Between the two of them they shaped the government schools which now have better facilities than expensive private schools. When challenged on the expense incurred, Kerjriwal would say “if we don’t spend taxpayer’s funds on education, then what else do we spend it on.”

Kejriwal also deployed Jasmine Shah, the vice-chairperson of his official think tank the Delhi Dialogue Commission who is also an engineer from one of India’s top colleges to start work on a campaign strategy, while also roping in consultant Prashant Kishore who has several successful election campaigns to his credit.

As the core team started to shape a message that would appeal to Delhi’s voters, they avoided any direct confrontation with the divisive provocations the BJP threw at them.

“That was a clever strategy by AAP,” a senior BJP leader told Asia Times. “Our internal surveys showed that we were to get a low number of seats. So we came up with a strategy to polarize the voter on religious lines because we have seen that it works,” he said.

The BJP also drew on its earlier experience to label political opponents “anti-national” or “anti-Hindu,” forcing them to run a defensive campaign.

Instead, Kejriwal spoke about how his government had halved power and water consumption charges, introduced accessible healthcare and worked on improving education.

“This was our key messaging and we always stayed on point,” an AAP leader said. Throughout the election campaign, while BJP leaders even encouraged their supporters to “shoot the traitors,” giving them license for vigilante action, the AAP leaders continued to speak about “good governance.”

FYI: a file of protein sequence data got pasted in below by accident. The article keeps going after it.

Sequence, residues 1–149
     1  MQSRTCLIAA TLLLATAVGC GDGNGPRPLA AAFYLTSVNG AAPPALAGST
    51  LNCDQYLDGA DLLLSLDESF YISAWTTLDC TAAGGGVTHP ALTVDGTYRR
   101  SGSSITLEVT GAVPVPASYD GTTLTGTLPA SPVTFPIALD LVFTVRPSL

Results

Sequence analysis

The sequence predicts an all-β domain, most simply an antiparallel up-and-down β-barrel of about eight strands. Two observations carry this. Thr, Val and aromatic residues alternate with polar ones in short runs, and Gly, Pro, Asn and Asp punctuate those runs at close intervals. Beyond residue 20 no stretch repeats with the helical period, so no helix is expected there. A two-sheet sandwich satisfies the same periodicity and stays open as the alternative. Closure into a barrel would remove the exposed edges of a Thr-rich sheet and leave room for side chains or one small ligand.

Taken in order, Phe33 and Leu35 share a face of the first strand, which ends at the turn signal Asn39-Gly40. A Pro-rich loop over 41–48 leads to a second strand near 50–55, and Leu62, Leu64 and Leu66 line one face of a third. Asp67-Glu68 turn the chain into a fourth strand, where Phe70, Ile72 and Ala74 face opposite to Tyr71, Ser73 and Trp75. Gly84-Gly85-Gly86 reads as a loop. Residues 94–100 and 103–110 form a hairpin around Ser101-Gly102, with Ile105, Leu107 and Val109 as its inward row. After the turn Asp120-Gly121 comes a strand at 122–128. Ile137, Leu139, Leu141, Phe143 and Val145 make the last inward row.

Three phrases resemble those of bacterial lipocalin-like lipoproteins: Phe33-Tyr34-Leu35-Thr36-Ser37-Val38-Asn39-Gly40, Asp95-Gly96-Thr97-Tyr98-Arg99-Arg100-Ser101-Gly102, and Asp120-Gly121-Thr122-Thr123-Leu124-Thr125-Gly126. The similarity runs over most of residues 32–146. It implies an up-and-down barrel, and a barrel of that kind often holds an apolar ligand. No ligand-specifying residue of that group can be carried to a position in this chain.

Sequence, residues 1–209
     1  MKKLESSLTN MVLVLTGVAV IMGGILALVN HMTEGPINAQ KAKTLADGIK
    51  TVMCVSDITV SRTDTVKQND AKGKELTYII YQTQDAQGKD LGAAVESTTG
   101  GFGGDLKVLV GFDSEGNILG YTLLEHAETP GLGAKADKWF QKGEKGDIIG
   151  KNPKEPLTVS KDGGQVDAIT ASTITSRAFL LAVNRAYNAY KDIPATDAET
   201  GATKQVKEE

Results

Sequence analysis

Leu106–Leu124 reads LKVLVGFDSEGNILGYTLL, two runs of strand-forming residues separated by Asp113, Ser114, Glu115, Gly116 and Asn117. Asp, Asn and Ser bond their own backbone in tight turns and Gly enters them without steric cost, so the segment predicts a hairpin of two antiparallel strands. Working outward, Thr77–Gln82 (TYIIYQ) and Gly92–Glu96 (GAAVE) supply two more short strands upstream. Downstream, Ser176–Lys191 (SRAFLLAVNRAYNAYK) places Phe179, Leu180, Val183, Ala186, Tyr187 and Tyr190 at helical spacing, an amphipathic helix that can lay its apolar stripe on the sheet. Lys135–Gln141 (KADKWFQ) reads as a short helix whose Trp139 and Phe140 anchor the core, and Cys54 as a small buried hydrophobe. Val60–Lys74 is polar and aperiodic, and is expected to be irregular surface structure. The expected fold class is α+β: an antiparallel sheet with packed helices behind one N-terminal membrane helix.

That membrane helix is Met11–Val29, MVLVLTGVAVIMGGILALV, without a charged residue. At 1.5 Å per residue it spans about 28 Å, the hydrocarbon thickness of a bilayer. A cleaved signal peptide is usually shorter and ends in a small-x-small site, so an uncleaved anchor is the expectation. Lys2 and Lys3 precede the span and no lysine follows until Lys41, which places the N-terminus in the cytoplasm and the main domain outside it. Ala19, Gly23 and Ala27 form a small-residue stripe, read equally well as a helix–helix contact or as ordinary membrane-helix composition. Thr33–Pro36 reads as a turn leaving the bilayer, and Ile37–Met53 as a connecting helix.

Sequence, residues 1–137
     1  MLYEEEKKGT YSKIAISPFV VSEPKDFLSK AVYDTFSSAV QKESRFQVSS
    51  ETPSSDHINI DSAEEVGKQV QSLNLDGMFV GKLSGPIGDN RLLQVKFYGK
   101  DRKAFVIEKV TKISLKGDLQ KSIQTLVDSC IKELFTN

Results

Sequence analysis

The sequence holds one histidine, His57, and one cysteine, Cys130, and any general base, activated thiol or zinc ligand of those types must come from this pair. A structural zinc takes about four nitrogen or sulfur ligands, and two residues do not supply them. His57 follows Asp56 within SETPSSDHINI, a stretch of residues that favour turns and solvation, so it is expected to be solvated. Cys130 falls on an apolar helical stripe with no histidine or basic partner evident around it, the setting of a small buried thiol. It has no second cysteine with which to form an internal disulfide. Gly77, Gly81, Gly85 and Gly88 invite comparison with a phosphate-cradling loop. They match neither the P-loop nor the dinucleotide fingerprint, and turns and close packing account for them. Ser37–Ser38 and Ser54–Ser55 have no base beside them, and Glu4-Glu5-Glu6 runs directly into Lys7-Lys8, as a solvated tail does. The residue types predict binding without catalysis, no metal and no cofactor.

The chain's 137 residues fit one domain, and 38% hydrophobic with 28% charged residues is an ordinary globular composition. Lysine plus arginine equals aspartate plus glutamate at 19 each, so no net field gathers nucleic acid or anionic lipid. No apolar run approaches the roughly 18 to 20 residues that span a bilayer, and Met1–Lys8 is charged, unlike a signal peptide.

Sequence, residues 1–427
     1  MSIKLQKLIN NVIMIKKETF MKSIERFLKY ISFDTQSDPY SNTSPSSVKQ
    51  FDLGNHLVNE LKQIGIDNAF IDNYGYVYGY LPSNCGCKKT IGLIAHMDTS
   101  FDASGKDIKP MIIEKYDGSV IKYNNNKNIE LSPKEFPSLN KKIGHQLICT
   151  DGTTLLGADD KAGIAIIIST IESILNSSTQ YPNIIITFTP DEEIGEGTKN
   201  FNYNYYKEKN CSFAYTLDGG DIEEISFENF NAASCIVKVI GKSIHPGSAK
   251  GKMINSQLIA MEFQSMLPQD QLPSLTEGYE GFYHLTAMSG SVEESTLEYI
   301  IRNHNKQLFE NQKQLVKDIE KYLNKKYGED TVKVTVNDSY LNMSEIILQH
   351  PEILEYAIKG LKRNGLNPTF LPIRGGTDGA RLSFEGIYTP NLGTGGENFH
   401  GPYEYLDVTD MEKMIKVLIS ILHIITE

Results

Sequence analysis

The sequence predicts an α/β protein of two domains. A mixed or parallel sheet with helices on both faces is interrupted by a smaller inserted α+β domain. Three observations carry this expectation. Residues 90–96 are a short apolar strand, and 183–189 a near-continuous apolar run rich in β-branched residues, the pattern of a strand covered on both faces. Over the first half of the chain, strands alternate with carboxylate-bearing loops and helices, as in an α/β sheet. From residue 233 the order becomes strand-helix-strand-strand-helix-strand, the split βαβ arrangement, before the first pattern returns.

In television interviews, Kejriwal remained open to hostile questions from TV anchors known to side with the BJP. He also admitted that some of his promises had fallen short and he issued a “guarantee” on the issues he would tackle if elected again. He urged voters to hold him to task, a strategy that worked for him a few years earlier, and continued to remain on point.

‘Delhi model’

On the day of voting on February 8, exit polls began to show a landslide victory for the AAP.

Hours after it was apparent that the AAP had won nearly 62 seats, Kejriwal addressed his supporters and hinted that the party could be thinking of taking their successful “Delhi model” to other states in a bid to become a national alternative.

So far, the party has been crowd-funding its electoral expenses and has remained one of the most transparent political parties in the fray. But scaling this nascent movement into a nationwide political party will remain a formidable challenge.

It could also mean the dilution of key values that AAP was originally built upon. This election saw the highest number of candidates with a criminal background come from the AAP.

However, Kejriwal and Sisodia’s personal credibility and integrity remain very high. How far this will help them pose a notable challenge to the BJP in 2024 remains to be seen.